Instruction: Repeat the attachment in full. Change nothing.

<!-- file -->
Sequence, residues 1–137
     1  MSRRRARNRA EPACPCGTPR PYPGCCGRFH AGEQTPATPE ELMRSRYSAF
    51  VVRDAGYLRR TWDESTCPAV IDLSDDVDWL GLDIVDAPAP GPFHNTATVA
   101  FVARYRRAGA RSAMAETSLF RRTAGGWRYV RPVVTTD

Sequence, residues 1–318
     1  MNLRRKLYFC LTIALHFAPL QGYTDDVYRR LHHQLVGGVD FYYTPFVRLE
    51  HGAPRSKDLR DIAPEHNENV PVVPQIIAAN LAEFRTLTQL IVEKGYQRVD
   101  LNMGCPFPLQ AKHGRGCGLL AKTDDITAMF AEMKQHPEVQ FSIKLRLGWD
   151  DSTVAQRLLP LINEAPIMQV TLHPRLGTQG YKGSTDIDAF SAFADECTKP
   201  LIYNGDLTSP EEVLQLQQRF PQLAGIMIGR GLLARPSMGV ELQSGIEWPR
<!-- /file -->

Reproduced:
Sequence, residues 1–137
     1  MSRRRARNRA EPACPCGTPR PYPGCCGRFH AGEQTPATPE ELMRSRYSAF
    51  VVRDAGYLRR TWDESTCPAV IDLSDDVDWL GLDIVDAPAP GPFHNTATVA
   101  FVARYRRAGA RSAMAETSLF RRTAGGWRYV RPVVTTD

Sequence, residues 1–318
     1  MNLRRKLYFC LTIALHFAPL QGYTDDVYRR LHHQLVGGVD FYYTPFVRLE
    51  HGAPRSKDLR DIAPEHNENV PVVPQIIAAN LAEFRTLTQL IVEKGYQRVD
   101  LNMGCPFPLQ AKHGRGCGLL AKTDDITAMF AEMKQHPEVQ FSIKLRLGWD
   151  DSTVAQRLLP LINEAPIMQV TLHPRLGTQG YKGSTDIDAF SAFADECTKP
   201  LIYNGDLTSP EEVLQLQQRF PQLAGIMIGR GLLARPSMGV ELQSGIEWPR